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Production of X-rays

It is an electromagnetic wave of high energy and very short wavelength, which is able to pass through many materials opaque to light.

Production of x-rays

X-rays are produced when the electrons are suddenly decelerated upon collision with the metal target; these x-rays are commonly called bremsstrahlung or "braking radiation". If the bombarding electrons have sufficient energy, they can knock an electron out of an inner shell of the target metal atoms.

A modern x-ray tube called Coolidge tube is used to produce an X-ray.

Coolidge tube


In the Coolidge tube, the electrons are produced by a thermionic effect from a tungsten filament heated by an electric current. The filament is the cathode of the tube. The high voltage potential is between the cathode and the anode, the electrons are thus accelerated and then hit the anode.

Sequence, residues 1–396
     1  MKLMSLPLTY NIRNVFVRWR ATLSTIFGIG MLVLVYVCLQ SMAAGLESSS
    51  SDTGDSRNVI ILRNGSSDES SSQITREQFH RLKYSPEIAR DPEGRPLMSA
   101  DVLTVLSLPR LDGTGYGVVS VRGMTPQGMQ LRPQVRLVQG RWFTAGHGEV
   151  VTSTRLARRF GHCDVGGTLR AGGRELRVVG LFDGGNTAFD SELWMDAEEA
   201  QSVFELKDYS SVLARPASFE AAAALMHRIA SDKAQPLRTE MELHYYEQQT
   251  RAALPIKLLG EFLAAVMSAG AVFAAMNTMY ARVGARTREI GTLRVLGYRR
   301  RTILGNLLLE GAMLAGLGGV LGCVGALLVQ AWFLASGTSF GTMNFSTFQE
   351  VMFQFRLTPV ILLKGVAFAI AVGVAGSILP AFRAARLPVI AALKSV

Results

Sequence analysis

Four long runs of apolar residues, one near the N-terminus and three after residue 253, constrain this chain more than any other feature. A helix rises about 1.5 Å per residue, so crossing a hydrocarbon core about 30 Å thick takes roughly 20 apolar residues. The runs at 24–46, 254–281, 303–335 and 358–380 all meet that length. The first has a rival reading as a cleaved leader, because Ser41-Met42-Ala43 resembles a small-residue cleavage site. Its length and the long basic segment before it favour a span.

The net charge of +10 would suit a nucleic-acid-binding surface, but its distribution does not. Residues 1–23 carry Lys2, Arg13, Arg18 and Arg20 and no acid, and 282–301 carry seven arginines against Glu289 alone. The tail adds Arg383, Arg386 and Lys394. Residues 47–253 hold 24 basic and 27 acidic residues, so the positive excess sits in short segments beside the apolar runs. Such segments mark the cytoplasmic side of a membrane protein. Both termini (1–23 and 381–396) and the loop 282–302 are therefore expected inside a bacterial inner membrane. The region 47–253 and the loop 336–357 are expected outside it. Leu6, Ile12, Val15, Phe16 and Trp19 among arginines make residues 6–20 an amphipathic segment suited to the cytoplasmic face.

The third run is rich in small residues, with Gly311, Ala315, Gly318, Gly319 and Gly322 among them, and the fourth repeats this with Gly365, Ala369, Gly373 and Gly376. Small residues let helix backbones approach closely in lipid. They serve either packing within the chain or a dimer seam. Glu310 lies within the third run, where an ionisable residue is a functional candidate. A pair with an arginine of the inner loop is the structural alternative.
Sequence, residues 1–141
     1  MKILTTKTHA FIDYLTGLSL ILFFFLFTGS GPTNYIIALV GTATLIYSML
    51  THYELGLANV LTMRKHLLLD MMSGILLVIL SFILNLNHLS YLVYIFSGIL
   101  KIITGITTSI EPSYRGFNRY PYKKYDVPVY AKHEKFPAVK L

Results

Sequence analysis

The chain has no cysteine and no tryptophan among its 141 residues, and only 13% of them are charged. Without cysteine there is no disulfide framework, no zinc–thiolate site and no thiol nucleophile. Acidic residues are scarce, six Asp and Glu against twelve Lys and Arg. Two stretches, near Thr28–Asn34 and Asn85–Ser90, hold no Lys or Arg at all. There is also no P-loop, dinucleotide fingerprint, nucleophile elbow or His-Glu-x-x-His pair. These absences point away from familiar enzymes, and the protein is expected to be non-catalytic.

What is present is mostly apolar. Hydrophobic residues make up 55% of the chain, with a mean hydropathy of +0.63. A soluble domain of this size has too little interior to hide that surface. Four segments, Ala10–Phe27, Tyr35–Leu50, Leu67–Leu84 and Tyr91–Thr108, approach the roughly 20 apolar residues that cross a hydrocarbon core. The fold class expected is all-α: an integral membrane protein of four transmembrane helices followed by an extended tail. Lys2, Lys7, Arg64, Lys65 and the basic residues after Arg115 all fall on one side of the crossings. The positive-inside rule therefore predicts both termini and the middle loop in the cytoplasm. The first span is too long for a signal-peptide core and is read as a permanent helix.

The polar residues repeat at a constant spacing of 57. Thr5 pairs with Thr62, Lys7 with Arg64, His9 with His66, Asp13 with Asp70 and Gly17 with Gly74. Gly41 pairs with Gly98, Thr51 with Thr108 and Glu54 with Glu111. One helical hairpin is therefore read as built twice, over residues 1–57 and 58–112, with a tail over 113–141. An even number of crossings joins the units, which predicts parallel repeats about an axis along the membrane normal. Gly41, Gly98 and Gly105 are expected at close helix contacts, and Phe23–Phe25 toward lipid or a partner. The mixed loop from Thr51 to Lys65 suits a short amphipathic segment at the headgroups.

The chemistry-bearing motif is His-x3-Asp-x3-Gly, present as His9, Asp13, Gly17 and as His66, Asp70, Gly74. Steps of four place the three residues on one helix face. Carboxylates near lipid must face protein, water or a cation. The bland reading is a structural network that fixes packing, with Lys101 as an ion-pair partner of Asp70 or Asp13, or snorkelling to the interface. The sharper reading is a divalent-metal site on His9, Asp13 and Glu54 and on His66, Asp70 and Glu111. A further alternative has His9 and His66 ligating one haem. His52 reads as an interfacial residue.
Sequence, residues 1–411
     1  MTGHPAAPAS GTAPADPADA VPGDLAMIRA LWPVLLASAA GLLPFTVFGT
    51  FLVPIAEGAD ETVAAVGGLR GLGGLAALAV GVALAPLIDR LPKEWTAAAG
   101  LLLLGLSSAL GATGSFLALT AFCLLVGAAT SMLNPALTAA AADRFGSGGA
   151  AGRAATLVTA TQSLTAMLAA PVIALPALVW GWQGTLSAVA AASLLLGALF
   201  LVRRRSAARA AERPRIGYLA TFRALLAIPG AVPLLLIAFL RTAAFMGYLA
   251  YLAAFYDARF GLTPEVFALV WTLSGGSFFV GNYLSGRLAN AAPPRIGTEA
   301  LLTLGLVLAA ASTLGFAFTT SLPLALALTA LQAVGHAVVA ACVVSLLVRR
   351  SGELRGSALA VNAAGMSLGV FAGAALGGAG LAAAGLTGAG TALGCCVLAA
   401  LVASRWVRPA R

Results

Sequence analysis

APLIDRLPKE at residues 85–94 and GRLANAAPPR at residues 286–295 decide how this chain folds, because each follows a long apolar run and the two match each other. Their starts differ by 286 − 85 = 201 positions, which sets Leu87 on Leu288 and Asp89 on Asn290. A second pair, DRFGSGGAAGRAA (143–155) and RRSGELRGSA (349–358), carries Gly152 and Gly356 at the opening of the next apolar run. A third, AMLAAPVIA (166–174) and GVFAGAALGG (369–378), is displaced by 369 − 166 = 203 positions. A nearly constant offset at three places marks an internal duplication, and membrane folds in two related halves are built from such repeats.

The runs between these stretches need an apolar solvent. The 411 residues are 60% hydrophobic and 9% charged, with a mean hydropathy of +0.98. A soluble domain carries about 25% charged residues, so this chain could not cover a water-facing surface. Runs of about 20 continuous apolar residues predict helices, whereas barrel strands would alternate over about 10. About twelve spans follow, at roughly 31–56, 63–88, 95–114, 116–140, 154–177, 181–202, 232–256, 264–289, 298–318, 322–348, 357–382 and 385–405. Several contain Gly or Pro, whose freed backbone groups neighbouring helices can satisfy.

If V is the accelerating voltage applied between the cathode and the anode then the kinetic energy gained by the electron is,


Control of intensity and quality of x-rays

This depends upon the electric current flowing through the filament. So by controlling the current with the help of rheostat, we can control the intensity of X-rays. Hence, the intensity of the can be changed by adjusting the filament current.

The intensity of X-rays depends upon the number of electrons emitted from the filament. This depends upon the electric current flowing through the filament. ... Therefore, the quality of X-rays depends upon their energy which, in turn, depends upon the kinetic energy of the incident electrons.

Properties of x-rays

  • They have a shorter wavelength of the electromagnetic spectrum.
  • Requires high voltage to produce X-Rays.
  • They are used to capture the human skeleton defects.
  • They travel in a straight line and do not carry an electric charge with them.
  • They are capable of travelling in a vacuum

 • They ionize the gas through which they pass.

 •They effect photographic plates.

 • They deflect in electric and magnetic fields.